EB 5 visa problems: Potential Pitfalls and Challenges in Obtaining Eb-5 Visa

Common challenges and pitfalls that investors may encounter during eb 5 status check. Navigating EB-5 Visa complexities: Understand the potential challenges and prepare for the pitfalls in obtaining U.S. residency.

last updated Thursday, March 14, 2024
#eb 5 visa problems #eb5 success rate

John Burson     Subscribe



  • The investing landscape has been vastly transformed, so modern investors face many unique challenges.
  • Perhaps the most daunting challenge modern investors face is the sheer speed and volume of information.
  • With time, many investors learn to filter out information and create a select pool of reliable sources that match their investing tastes.
  • Even if you have a good handle on quality information, you can still get burned when inaccurate information or fundamental uncertainty hits the market.
  • Advertising can sometimes push an investor toward an edge by hyping an investment that isn't necessarily the best fit.

Just like with any valuable endeavor, there are inherent risks to consider. These include concerns about foreign capital impacting the U.S. economy, the potential for fraud, or the misappropriation of funds. The crucial factor is maintaining a vigilant and transparent approach while remaining fully aware of the rights and obligations of all parties involved. This diligence helps ensure the integrity and success of the EB-5 investment process.

Potential Pitfalls in the EB-5 Visa Process

Source of Funds

While this requirement for the eb5 success rate may appear straightforward, initiating the visa application by submitting the I-526 petition is more complex than it initially seems.

Form I-526 necessitates information about the NCE and detailed documentation regarding the source of the invested funds.

The main goal of this project is to prove that the investor owns the money they're investing and that it was obtained legally. This is necessary to support their application for a visa. To do this, investors can provide different kinds of documents that fall into four main categories: records showing the registration of their business, tax returns or similar documents from the past five years, evidence of other sources of money they have, and copies of any legal cases or proceedings they've been involved in for the past 15 years.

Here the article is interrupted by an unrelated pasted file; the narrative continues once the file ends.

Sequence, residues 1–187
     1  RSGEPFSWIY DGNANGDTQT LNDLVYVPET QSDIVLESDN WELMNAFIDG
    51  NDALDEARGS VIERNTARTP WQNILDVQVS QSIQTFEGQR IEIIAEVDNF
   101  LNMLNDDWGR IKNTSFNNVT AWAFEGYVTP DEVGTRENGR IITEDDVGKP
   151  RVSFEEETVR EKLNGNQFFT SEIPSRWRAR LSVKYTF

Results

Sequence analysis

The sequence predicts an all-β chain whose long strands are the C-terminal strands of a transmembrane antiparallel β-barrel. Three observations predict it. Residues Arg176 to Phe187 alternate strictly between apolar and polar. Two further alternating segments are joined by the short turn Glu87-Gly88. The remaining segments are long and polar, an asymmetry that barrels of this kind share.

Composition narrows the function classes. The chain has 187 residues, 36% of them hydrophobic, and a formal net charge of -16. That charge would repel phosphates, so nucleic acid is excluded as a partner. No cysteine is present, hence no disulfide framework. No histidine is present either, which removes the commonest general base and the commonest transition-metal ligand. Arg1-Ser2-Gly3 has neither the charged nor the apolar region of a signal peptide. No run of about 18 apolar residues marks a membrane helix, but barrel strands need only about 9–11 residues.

Investment Amount 

To be eligible for an EB-5 visa and EB5 backlog, individuals must invest a minimum of $900,000 in a new commercial enterprise (NCE) to create at least ten full-time jobs for American workers.

When investing in the EB-5 program, it's essential to prove where your money comes from, including any fees associated with the investment. This can be tricky if your money comes from various sources, like loans or gifts. It's best to work with an immigration attorney or EB-5 professional to figure out the easiest way to prove the source of your investment funds. Some sources, like personal savings and investments, are easier to prove than others.

Learn more Details on EB5 Investment Amount

Importance of Lawful Source of Funds for EB-5 Investors

In the EB 5 application, USCIS mandates the provision of well-documented evidence to establish the legality of the capital investment and demonstrate a direct link between the investor and the path of funds from their home country to the U.S. investment.

Capital can generally be sourced from any location globally, including the U.S., as long as the investor legally owns it.